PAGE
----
Local population health measures to prevent obesity

Professor Mark Harris

Written by Professor Mark Harris, Director of COMPaRE-PHC, foundation Professor of General Practice and Executive Director of the Centre for Primary Health Care and Equity at UNSW, NHMRC Senior Professorial Research Fellowship 2011-2015 and Scientia Professor.

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In addition to the role that individual clinicians (GPs, nurses, allied health, Aboriginal Health Workers etc) can play, Medicare Locals can make an important contribution at the local level to preventing obesity.  A framework has been developed to assist primary health care organisations to approach preventive health care and health promotion [1].  This is based on an understanding of the importance of factors in organisational, social and environmental context in creating health and implementing prevention.  It underlines the importance of local partnerships between health services and a range of other organisations including local, state and national government bodies, schools, community groups, media and business.

Approaches to improving the health of communities are most effective when they involve local communities and are tailored to local needs. These strategies have been shown to be effective in increasing access to skills and resources that enable people to adopt more health promoting lifestyles and improve health literacy about how maintain a healthy weight and prevent weight gain [2].   Together with public health and health promotion units, as well as with other sectors such as local councils, Medicare Locals have a role in working with industry and community organisations to create supportive environments that promote health.  This includes both the physical and the social aspects of our surroundings where people live, their local community, their home and the built environments within which they live, work and play. For example Medicare Locals are working with local councils and their Healthy Communities Initiative to establish exercise referral programs and facilities for physical activity. Others have seized opportunities to work with programs in schools, preschools and child care centers to promote healthy diet and physical activity such as the ‘Romp and Chomp’ program for preschool children.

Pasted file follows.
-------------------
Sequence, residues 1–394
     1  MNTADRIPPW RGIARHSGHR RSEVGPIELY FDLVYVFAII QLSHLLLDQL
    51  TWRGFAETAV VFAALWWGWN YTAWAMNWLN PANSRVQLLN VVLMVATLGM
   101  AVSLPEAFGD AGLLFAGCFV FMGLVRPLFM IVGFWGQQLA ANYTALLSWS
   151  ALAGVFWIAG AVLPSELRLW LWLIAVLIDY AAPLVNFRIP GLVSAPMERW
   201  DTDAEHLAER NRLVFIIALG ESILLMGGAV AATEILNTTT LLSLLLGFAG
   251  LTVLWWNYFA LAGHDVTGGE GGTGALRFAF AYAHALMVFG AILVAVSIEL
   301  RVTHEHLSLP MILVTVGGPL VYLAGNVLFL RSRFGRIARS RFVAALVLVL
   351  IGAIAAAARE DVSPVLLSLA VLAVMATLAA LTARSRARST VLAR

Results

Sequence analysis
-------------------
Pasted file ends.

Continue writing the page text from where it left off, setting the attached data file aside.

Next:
Communities can be supported to work together to prevent illness and promote health [3].   This is particularly important in prevention with disadvantaged populations.  In the United States, the Centers for Disease Control and Prevention program WISEWOMAN successfully developed partnerships between clinical services and NGOs (such as the heart and stroke foundations), local government and local community organisations (including church groups) in the delivery of preventive programs[4].  This has allowed the programs to reach those most in need, and helped to ensure the programs have sustained for almost two decades.


  1. Australian General Practice Network, A preventive health and health promotion framework for Medicare Locals.  2012, Australian Medicare Local Alliance and Australian National Preventive Health Agency: Canberra.
  2. Oldenburg, B., McGuffog I, Turrell G. , Socioeconomic determinants of health in Australia: policy responses and intervention options. Medical Journal of Australia, 2000. 172: p. 489-492.
  3. WHO., Ottawa Charter for Health Promotion. 1st International Conference on Health Promotion. 1986, World Health Organisation: Geneva.
  4. Will JC, et al., Health promotion interventions for disadvantaged women: Overview of the WISEWOMAN projects. Journal of Womens Health, 2004. 13: p. 484.